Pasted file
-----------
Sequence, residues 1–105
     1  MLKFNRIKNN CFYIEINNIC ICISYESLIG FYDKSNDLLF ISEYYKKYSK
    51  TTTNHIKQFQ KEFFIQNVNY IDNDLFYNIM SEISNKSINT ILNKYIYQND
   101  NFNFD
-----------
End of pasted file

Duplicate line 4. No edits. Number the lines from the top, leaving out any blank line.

   101  NFNFD